University of Michigan Reaches Half-Billion-Dollar Settlement Over Sports Doctor’s 4 Decades of Sexual Abuse

By Katabella Roberts
Katabella Roberts
Katabella Roberts
Katabella Roberts is a reporter currently based in Turkey. She covers news and business for The Epoch Times, focusing primarily on the United States.
January 20, 2022 Updated: January 20, 2022

The University of Michigan has reached a $490 million settlement with more than 1,000 former students who say they were sexually assaulted by a former sports doctor, the college’s Board of Regents announced on Jan. 19.

“Our most solemn responsibility to our university and community members is to support healing and restoration of trust in an environment where safety is paramount,” the board said in a statement.

Approximately 1,050 claimants who had sued the university alleging abuse by Dr. Robert Anderson will share the $490 million in settlement money, meaning that each accuser will receive an average of about $438,000.

The settlement was reached through a mediation process that began in October 2020 and was supervised by U.S. District Court Judge Victoria Roberts.

The agreement still needs to be signed off by the Board of Regents and approved by 98 percent of the claimants. Of the $490 million, $30 million will be reserved for future claimants who choose to participate in the fund before July 31, 2023, the university board said.

“Once approved, we hope that this settlement will continue the healing process for survivors. At the same time, our work is not complete. The Board and administration plan to accelerate further efforts to work toward a campus with a positive, nurturing, and safe culture that reflects our values as a community,” the board said. “We will strive to be free from abuse and sexual misconduct, building on the work that hundreds in our community are committed to succeeding.”

Lawyers for the victims, who are mostly male, praised the settlement that was reached on Jan. 18.

“I am proud to announce that a settlement was reached with the 1,050 survivors of Robert Anderson and the University of Michigan,” said Parker Stinar of the Denver-based law firm Wahlberg, Woodruff, Nimmo & Sloane, which represents dozens of Anderson accusers. “It has been a long and challenging journey, and I believe this settlement will provide justice and healing for the many brave men and women who refused to be silenced.”

Anderson worked at the university from 1966 until his retirement in 2003. During his career, he served as director of the university’s health service and a physician for multiple athletic teams, including football.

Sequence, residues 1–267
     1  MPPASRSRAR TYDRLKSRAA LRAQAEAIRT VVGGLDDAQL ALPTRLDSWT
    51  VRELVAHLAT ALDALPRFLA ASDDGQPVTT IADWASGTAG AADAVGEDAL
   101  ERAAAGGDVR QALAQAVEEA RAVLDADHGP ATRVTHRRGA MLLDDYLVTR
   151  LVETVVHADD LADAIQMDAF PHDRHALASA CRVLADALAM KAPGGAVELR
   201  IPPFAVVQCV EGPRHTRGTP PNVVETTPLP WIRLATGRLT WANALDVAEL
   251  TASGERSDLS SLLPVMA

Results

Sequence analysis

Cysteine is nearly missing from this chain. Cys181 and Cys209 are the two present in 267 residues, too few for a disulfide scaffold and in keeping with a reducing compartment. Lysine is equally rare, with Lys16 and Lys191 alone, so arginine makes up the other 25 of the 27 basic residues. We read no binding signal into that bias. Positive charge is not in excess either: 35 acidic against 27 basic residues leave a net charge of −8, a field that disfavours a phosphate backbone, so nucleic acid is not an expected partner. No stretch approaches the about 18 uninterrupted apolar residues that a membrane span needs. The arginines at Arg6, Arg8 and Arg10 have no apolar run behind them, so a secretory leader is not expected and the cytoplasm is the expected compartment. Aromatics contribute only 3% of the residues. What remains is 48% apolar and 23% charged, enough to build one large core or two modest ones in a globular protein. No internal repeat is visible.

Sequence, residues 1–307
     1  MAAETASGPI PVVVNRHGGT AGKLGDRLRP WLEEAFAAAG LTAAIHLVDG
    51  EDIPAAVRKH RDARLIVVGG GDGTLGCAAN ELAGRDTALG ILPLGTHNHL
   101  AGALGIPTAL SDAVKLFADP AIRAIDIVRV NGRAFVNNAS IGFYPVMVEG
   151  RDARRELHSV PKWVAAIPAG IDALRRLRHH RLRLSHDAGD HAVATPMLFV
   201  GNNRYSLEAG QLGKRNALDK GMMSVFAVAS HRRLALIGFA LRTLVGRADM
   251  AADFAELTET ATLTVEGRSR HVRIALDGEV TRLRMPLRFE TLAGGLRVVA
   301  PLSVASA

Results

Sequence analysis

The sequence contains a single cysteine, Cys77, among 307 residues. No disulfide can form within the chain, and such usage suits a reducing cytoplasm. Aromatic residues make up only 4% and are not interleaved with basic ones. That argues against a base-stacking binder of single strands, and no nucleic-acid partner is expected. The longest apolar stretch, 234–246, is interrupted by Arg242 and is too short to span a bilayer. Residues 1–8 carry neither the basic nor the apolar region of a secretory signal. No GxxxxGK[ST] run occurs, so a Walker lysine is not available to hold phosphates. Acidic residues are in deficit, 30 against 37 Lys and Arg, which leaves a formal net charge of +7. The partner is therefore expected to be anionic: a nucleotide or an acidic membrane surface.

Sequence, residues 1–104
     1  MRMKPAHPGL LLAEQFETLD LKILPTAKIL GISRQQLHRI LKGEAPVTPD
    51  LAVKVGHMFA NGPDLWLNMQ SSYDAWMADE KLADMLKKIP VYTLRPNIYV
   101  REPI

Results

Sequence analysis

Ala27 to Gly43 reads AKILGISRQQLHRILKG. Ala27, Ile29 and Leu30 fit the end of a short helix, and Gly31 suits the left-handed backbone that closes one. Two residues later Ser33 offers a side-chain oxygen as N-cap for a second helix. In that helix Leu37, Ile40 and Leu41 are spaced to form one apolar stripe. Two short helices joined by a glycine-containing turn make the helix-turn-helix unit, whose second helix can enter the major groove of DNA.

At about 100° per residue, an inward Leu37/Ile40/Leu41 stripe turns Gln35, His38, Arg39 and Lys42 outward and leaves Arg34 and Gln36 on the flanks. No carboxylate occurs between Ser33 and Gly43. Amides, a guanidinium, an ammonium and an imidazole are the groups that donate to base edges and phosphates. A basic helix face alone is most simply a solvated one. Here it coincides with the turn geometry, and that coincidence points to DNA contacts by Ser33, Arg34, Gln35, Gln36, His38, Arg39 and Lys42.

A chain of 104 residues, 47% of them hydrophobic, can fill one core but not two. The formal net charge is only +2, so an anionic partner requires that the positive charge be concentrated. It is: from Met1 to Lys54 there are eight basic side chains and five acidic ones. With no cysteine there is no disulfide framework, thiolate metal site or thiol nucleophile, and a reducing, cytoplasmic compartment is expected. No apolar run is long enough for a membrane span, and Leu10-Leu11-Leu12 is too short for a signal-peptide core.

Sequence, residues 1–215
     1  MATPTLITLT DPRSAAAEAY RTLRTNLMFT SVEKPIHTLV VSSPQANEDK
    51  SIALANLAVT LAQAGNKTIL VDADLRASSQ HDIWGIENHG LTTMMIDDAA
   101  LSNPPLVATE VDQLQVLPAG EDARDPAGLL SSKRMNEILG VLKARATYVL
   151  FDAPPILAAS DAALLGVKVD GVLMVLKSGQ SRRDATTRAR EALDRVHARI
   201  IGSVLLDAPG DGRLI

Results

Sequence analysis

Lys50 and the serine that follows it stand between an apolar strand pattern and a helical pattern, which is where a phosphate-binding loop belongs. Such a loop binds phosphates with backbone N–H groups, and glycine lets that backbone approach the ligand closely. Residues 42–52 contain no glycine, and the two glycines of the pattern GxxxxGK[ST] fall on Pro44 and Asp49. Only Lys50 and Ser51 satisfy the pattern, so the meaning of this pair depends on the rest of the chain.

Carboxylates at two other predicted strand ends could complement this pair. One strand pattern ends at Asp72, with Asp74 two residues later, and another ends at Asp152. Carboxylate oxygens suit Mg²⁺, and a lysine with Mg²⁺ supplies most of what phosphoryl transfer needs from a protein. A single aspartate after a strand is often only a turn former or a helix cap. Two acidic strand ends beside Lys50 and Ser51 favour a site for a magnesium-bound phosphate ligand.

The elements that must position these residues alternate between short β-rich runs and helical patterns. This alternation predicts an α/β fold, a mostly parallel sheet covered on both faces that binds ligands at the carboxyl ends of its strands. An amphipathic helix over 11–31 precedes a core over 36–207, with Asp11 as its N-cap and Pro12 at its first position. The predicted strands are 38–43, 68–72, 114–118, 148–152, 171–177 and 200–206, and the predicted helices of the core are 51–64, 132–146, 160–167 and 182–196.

He died in 2008. Since then, a string of football players and other athletes have come forward and accused Anderson of sexually abusing them, sparked by a whistleblowing former wrestler named Tad DeLuca.

A report by a firm hired by the school, which is ranked among the top public universities in the United States, determined that staff missed many opportunities to stop Anderson over his 37-year career.

The settlement announcement comes just days after the university announced it has fired its president, Mark Schlissel, after learning via an anonymous complaint last month that he “may have been involved in an inappropriate relationship with a University employee.”

“On Dec. 8, 2021, via an anonymous complaint, we learned that Dr. Schlissel may have been involved in an inappropriate relationship with a University employee,” members of the Board of Regents said in a statement. “After an investigation, we learned that Dr. Schlissel, over a period of years, used his University email account to communicate with that subordinate in a manner inconsistent with the dignity and reputation of the University.”

The university board named former University of Michigan President Mary Sue Coleman as interim president, adding that it has “full confidence that she will provide the leadership our University community needs during this critical time of transition.”

The Associated Press contributed to this report.

Katabella Roberts is a reporter currently based in Turkey. She covers news and business for The Epoch Times, focusing primarily on the United States.